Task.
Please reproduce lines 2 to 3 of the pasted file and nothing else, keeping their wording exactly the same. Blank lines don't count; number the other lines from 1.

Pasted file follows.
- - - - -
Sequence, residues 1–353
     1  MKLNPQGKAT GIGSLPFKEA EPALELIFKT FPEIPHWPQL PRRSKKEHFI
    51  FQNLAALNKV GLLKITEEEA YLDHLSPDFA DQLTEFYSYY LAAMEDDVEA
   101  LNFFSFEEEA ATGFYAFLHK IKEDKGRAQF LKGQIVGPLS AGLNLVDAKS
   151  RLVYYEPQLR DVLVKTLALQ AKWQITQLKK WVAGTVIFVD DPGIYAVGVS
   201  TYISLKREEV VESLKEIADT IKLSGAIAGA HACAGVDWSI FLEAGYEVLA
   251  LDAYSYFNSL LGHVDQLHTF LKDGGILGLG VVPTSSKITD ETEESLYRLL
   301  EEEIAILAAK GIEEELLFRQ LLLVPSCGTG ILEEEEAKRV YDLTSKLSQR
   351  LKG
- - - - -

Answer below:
     1  MKLNPQGKAT GIGSLPFKEA EPALELIFKT FPEIPHWPQL PRRSKKEHFI
    51  FQNLAALNKV GLLKITEEEA YLDHLSPDFA DQLTEFYSYY LAAMEDDVEA